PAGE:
- Lie on your back with your knees bent and the soles of your feet on the floor.
- Press your shoulders and arms (palms down) into the mat and keep your neck long.
- Straighten one leg to the ceiling and turn it out slightly from the hip.
- Draw a circle with your leg. That is, move your leg across the center of your body, then lower it, bring it around the other side and up; pause at the top.
- Do not let your leg swing too far right or left (outside your hip joint). The motion of the leg should not cause you to roll off to one side or arch your back.
- Repeat 5-8 times on each leg, inhaling as you circle your leg, exhaling as you pause. Then, reverse direction.
- Anchor your pelvis and do not shrug your shoulders.
- Avoid lifting your chin and crunching the back of your neck.
- Remember to draw your navel in and up, hollowing out your midsection.
Goal: Remain very still in your upper body, keep pelvis level and control the circling movement of your leg from your core.
Progression: Straighten your floor leg (not bent anymore). And, make your circles of the straight leg a little bigger each time if you can keep your back and pelvis still.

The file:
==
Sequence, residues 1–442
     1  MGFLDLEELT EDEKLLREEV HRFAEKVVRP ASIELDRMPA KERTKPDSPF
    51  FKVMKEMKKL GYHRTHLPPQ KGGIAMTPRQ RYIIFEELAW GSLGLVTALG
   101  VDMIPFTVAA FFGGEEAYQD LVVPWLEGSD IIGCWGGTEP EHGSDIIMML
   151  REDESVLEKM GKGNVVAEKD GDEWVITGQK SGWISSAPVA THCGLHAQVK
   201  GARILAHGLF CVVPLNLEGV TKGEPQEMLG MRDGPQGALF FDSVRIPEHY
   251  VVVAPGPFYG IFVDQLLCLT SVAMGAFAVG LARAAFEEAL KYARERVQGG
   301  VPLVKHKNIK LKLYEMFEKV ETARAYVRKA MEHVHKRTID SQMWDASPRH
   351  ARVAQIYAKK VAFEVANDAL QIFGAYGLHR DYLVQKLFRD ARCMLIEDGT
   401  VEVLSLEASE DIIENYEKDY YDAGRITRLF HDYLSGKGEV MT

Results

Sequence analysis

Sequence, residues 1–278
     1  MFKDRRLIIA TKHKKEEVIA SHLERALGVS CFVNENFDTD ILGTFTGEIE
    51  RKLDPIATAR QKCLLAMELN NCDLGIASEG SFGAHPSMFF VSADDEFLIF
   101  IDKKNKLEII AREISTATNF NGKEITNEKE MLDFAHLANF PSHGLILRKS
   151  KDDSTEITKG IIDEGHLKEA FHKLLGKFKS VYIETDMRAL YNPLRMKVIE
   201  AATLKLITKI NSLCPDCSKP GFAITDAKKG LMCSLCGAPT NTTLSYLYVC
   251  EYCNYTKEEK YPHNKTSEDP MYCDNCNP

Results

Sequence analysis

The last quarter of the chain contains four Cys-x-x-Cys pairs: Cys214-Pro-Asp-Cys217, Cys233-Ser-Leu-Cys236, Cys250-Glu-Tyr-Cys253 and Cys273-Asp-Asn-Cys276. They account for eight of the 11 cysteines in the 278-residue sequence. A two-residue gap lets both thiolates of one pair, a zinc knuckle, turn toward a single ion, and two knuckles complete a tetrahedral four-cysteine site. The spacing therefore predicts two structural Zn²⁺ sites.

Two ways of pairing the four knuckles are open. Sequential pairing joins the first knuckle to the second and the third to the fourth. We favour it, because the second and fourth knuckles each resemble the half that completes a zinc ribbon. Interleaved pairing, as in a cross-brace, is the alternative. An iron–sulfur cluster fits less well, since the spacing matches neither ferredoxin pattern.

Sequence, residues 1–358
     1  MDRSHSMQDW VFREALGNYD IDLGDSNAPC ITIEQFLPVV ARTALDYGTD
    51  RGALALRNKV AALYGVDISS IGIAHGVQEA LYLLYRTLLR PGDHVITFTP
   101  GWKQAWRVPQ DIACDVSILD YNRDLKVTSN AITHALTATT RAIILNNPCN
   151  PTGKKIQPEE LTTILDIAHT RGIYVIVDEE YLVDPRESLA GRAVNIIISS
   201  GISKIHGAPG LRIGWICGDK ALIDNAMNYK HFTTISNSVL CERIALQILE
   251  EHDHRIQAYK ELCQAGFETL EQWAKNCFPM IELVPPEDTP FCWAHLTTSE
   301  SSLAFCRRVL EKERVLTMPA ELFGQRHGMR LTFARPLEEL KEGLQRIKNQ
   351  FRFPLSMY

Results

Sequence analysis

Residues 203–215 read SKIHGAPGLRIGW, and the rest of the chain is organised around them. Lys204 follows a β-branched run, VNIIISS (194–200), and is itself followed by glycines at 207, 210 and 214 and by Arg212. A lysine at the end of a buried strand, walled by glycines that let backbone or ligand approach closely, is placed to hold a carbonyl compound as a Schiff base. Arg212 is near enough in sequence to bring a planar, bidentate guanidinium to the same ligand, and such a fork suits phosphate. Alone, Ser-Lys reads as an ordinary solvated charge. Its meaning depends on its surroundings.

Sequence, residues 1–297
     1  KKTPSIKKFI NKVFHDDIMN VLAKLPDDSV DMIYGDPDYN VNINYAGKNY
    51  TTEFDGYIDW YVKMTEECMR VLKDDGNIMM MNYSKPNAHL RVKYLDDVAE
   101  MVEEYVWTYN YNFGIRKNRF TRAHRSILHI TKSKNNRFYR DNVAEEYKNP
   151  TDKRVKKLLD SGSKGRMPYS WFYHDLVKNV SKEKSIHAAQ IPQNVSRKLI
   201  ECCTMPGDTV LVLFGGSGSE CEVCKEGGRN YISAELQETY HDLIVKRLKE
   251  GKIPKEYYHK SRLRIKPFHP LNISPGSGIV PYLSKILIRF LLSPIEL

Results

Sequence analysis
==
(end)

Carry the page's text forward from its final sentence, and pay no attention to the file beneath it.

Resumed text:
Note: If any popping of hip occurs, bend your knee and draws the circles with the knee bent.
Visualization: Imagine drawing circles on the ceiling with your leg.
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Purpose: The last of the Stomach Series, this works the external obliques, waistline and powerhouse.
- Lie on your back with hands behind your lifted head; elbows wide and your knees bent into your chest.
- Extend your right leg out long; hovering above the mat. Twist your upper body until the right elbow touches left knee. Open the back (left) elbow behind you. Inhale as you lift to twist and hold for 3 counts.
- Exhale and switch sides, bringing your left elbow to your right knee while extending the opposite (left) leg out in front of you. Hold for 3 counts. Keep your upper back and shoulders off the mat as you twist from side to side.
Complete 8-10 times. To end bring both knees into chest.
Checklist: Lift and twist from your waist, not from your neck and shoulders. The back elbow never touches the mat. Look at your back elbow as you twist.
Anchor your center to the mat so you don’t roll from side to side. Lower your extended leg about 45 degrees or more… back should not arch off mat.